Then there came the Thirty Years’ War with its frightful train of plague and plunder, of war contributions and impoverishment. Ratisbon was occupied by the Swedes under Duke Bernhard of Weimar in 1633 and great damage was done to the town and the Monastery. Of the 75,000 florins exacted from the clergy, the Scottish abbey of St James had to pay 1000 gulden. The buildings decayed, a great number of monks died, the revenues were reduced to 1200 gulden a year or a little more, scarcely sufficient for the maintenance of four "patres." During ten years, from 1630-1640, there were no abbots but only managers (‘administratores’).

It was not till 1646 that an attempt was made to improve this sad state of matters. In that year the energetic and learned Alex. Bayllaeus (Baillie), who had formerly been Abbot of Erfurt, was chosen for the same dignity at Ratisbon. He took pains first of all to redeem such of the monastery’s property as had been pawned, to restore the buildings and to buy new Church vessels. Then he turned his attention to the political interests of the Monastery. Owing to his skill the attempts of Ferdinand III and IV to hand it over to the Carmelites (1641), or even to the Irish (1653), failed, and Pope Urban VIII as well as Innocent X expressed themselves again in favour of the Scottish Benedictines. With the University of Salzburg, excellently conducted by the Benedictines, an agreement was concluded by which the Abbot of St James’s at Ratisbon was to take the place of the Abbot of St Peter’s, Salzburg, at the time of the election of a new Rector.

After Baillie the most eminent abbot was Placidus Fleming (Flaminius), under whose long and beneficent rule the monastery greatly recovered its former flourishing condition. He was born at Kirkoswald in Ayrshire, and was related to the Earls of Wigton. In his youth he is said to have been a naval officer and to have been once captured by pirates in the Mediterranean Sea. As Abbot of St James’s he showed uncommon energy, learning and zeal in matters of education. The library owed, if not its existence, its rich book-treasures to him. He founded a professorship of Philosophy at Erfurt, always to be held by a Scotsman. He built a Seminary for young Scottish boys of better families, first at a small place called Griesstätten (1713) and later in Ratisbon (1719); and finally he formed the three remaining Scottish Religious Houses of Ratisbon, Erfurt and Wflrzburg into a closer union, in which the abbot of the first-named should always take the highest rank on account of the "great age of the Monastery and its many privileges granted by Popes and Emperors."

It was during Fleming’s rule that the Monastery of St James’s began to be used as an asylum for members of the old Scottish aristocracy, who, like George Gordon, the brother of the Earl of Aboyne, desired to spend their last years in peaceful retirement, or who used their utmost efforts secretly to restore the Stuart dynasty. Between Paris, Ratisbon and Rome an unceasing communication took place; but all the Stuart letters were lost, when Strahlheim, one of the estates of the monastery, where these documents had been deposited, was consumed by fire.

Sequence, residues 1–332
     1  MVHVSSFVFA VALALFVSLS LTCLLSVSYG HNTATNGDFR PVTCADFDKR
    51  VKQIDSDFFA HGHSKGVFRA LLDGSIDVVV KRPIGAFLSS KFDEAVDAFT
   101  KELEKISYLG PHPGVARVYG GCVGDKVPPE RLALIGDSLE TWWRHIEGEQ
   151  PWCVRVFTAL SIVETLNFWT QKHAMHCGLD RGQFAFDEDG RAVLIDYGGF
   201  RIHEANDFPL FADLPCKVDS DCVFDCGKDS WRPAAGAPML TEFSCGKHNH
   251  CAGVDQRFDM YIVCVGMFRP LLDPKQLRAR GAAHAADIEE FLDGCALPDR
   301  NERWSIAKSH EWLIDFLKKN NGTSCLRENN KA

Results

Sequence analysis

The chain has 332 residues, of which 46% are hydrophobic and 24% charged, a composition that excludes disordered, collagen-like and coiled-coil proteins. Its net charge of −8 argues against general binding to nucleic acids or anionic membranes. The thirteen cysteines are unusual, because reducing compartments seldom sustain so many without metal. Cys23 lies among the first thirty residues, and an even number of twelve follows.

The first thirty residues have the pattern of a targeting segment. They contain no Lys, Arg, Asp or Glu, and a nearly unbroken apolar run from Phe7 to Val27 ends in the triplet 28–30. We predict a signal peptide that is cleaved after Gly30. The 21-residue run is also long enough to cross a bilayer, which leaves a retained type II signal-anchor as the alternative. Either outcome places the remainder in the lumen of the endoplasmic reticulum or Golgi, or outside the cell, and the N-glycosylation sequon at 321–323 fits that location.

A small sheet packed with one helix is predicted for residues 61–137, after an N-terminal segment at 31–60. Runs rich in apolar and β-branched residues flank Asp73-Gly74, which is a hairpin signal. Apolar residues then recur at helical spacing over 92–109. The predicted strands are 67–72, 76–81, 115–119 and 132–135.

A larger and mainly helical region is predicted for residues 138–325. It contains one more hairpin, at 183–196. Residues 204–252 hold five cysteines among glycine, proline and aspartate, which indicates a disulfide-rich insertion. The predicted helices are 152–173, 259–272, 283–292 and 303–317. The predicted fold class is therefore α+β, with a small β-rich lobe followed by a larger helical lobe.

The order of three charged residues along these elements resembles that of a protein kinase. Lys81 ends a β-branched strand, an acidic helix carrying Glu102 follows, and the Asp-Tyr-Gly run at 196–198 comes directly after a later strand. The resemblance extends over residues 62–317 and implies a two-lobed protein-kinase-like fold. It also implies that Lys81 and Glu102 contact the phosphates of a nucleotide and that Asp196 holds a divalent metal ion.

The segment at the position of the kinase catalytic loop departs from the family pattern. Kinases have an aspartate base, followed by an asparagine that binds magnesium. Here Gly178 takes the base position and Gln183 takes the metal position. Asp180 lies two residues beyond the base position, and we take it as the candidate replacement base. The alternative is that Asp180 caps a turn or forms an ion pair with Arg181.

Fleming’s successor was the leaned Maurus Stuart. During sixteen years he had been a professor at Erfurt. He died before his consecration and was succeeded by Bernard Baillie. Well versed in history and philosophy he had likewise filled a professor’s chair at Erfurt, but had been recalled by Fleming to superintend some improvements and additions to the buildings of the monastery at Ratisbon. He took a great interest in the library and gained the affection of his monks. After his death in 1742 Bernard Stuart, a nephew of the above-named Maurus, was raised to the dignity of abbot. He was a man of great natural gifts, but of a character little noble or loveable. Excelling in provinces of learning far removed from the requirements of his office, he very frequently absented himself from Ratisbon. Born in Scotland in 1706, he early showed great aptitude for mathematics. He was educated at St James’s seminary, and became priest in 1726. Some years after he obtained the chaplaincy of the Nonnberg near Salzburg, which enabled him to prosecute his studies in that University with a view mainly to perfect himself in Canon law. During 1733-1741 he himself taught as professor of mathematics, filling at the same time a number of other important offices. Thus the Prince-Archbishop appointed him his clerical adviser and inspector of buildings (‘rei aedilis director’). As such he successfully drained a large bog near Salzburg after a labour of three years, and drew the plan of the Archbishop’s castle Leopoldskron. In 1742 he visited at St Petersburg his brother, who was a general in the Russian service. After his return the city of Augsburg nominated him her "director aedilitiae" with a salary attached of 1800 florins. A theatre or public-hall for the pupils of the Jesuit seminary is his work; more useful was a strong embankment which he built on the river Lech, and which can be seen to this day. For this the grateful city presented him with a gold cup. The Imperial Court of Vienna likewise employed him as Inspector of Fortresses in Swabia. In 1743 he was chosen Abbot of St James’s at Ratisbon. During his term of office the above-mentioned estate of Strahlfeld was acquired for the monastery after a long law-suit, and the Jacobite intrigues culminated in 1745, when a messenger from the monastery to the "King" at Rome, Father Macdonnell, actually proposed the raising of a regiment of Bavarians to assert the rights of the Royal Stuart. The "King" was prudent enough to thank the messenger for his good intentions, but to decline the proposal. Another priest of St James’s accompanied the Pretender on his invasion of England as confessor, and was wounded at Culloden. Only with great difficulty and after many adventures he succeeded finally in escaping to the Continent disguised as the servant of the Bavarian ambassador’s secretary. This was Gallus Leith. Born in 1709 he had early entered the Ratisbon seminary. After having professed he studied divinity and Canon law at Salzburg, and was then sent to Rome on business (1736). In 1756 he was chosen abbot and proved himself a capable ruler, only "too narrow-minded with regard to himself and others," as the chronicler puts it.